“I am going to defer to your judgment in this matter,” Dr. Splint said. “The idea of erasing memories to circumvent the psychological shock of major traumas has never occurred to us. I can already think of several cases where it would be beneficial.”

“Something else for our ‘to do’ list.” Healer Yates grimaced.

“Uncountable ponies and humans are already benefiting from our efforts,” Dr. Splint said as he nodded in agreement. “It will be worth the lost sleep.”

“Since we are all in agreement.” Healer Nightingale pointed her wand at Fizzlepop. “Scopum Obliviate.”

“Erasing memories shouldn’t be that easy,” Dr. Splint commented.

“It only looks easy; this is one of my specialties,” Healer Nightingale said. “I’ve had a lot of practice.”

“Shall I wake her now?” Madam Pomfrey asked.

“Here.” Dr. Splint floated a thick ring over to her. “Place this on her horn. If we want the pegasi to wait a week before using their newly grown wing bones, then preventing our patient from using her magic for a like period would be advisable.”

Madam Pomfrey nodded as she placed the ring on Fizzlepop’s horn. She then pointed her wand and said, “Rennervate.”

The results were instantaneous. Fizzlepop leapt to her hooves and almost toppled off as a forehoof missed its landing and slipped off the bed.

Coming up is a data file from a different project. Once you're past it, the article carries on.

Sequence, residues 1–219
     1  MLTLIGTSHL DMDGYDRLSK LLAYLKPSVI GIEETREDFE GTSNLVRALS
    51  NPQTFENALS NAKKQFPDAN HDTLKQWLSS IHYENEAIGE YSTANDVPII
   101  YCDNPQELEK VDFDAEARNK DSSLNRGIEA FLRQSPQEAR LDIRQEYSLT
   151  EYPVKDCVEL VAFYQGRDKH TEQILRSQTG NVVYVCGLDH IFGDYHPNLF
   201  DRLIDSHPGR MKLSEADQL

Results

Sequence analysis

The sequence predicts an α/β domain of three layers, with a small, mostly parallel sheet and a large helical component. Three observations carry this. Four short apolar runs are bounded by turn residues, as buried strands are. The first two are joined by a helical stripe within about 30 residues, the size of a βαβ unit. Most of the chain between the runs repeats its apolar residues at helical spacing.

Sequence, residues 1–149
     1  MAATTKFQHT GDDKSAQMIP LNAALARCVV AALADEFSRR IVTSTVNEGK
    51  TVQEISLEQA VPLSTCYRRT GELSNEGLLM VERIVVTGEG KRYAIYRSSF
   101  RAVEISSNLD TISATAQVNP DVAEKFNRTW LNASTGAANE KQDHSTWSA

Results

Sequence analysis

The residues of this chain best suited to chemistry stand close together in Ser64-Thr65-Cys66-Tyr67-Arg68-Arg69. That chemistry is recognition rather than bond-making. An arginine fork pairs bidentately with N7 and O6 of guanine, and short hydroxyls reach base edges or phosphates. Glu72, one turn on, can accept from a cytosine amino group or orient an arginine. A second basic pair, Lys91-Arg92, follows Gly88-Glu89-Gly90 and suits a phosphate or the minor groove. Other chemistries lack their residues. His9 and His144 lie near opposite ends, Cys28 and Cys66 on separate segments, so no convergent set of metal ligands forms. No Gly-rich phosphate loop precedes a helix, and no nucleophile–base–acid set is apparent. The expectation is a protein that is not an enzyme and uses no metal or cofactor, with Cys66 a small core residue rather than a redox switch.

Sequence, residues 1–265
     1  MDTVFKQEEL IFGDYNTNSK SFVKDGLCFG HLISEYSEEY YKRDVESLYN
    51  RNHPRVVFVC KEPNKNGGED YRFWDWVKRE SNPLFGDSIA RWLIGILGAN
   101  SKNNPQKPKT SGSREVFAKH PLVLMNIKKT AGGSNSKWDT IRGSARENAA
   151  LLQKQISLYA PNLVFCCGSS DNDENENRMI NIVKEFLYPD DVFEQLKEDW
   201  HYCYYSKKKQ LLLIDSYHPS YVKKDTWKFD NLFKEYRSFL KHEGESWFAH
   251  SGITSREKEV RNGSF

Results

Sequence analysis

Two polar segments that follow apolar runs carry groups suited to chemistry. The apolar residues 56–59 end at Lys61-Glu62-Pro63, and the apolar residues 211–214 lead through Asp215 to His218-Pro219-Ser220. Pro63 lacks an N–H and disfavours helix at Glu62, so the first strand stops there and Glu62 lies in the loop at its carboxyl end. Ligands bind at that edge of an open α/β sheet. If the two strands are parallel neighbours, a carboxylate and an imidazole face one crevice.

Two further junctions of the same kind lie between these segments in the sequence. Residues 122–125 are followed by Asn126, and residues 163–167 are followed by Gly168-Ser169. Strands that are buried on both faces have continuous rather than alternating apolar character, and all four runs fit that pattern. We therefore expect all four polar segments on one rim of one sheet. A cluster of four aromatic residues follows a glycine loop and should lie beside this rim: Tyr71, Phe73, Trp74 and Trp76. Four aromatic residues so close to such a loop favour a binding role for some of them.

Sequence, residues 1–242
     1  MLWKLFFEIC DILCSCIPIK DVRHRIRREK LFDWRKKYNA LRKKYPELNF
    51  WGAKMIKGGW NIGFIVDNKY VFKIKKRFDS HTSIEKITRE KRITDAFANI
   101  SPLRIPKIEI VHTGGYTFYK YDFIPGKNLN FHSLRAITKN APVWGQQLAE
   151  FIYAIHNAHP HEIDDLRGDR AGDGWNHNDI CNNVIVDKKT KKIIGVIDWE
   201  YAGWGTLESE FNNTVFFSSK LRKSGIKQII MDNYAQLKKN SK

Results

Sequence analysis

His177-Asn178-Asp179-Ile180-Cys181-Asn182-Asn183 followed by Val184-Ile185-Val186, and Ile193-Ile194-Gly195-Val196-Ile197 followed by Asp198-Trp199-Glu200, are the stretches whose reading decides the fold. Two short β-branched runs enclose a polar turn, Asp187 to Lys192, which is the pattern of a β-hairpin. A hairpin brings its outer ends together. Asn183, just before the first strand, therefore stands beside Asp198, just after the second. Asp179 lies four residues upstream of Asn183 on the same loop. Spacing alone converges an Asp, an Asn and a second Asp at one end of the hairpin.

“Calm yourself, Miss Berrytwist,” Pomfrey said, soothingly. “No one here will hurt you.”

“What happened?” Fizzlepop asked. “Is everypony here to watch me regrow my horn?”

“What is the last thing you remember?” Dr. Splint asked.

Fizzlepop scrunched her muzzle for a second as she thought. “Madam Pomfrey was hoofing . . . handing me a goblet.” She then crossed her eyes and tried to see her own horn. “Did it work?” she asked with equal parts hope and dread.

Madam Pomfrey summoned a mirror, which Fizzlepop snatched out of the air with her hooves. She said nothing as she stared at the reflective surface and saw her fully restored horn for the first time. A hoof was brought up to prod the suppressor ring.

“That stays for a week,” Madam Pomfrey said firmly.

“Three weeks, actually,” Healer Yates corrected.

Fizzlepop nodded but didn’t tear her gaze away from the mirror.

“We are also compelled to inform you that we decided to remove your memories related to the regrowth. By law, those memories will be returned if you so request,” Healer Nightingale said. “I will warn you that memory of that sort of pain would most likely damage your sanity. I would strongly advise against that course of action.”

“You are the doctors,” Fizzlepop said, attention still fixed on the mirror. “I would be a fool to go against your advice.” She took a deep breath. “Thank you.”

“You are welcome, Miss Berrytwist,” Madam Pomfrey said. “I should also mention that Miss Weiss sat with you through the night and only left when duties called her away.”


“I’ll explain in a short while,” Madam Pomfrey said. “But first, why don’t we all head down to the main hall for a meal? I can hear your stomach grumbling from here, and the nutrition potion works best when taken with food.”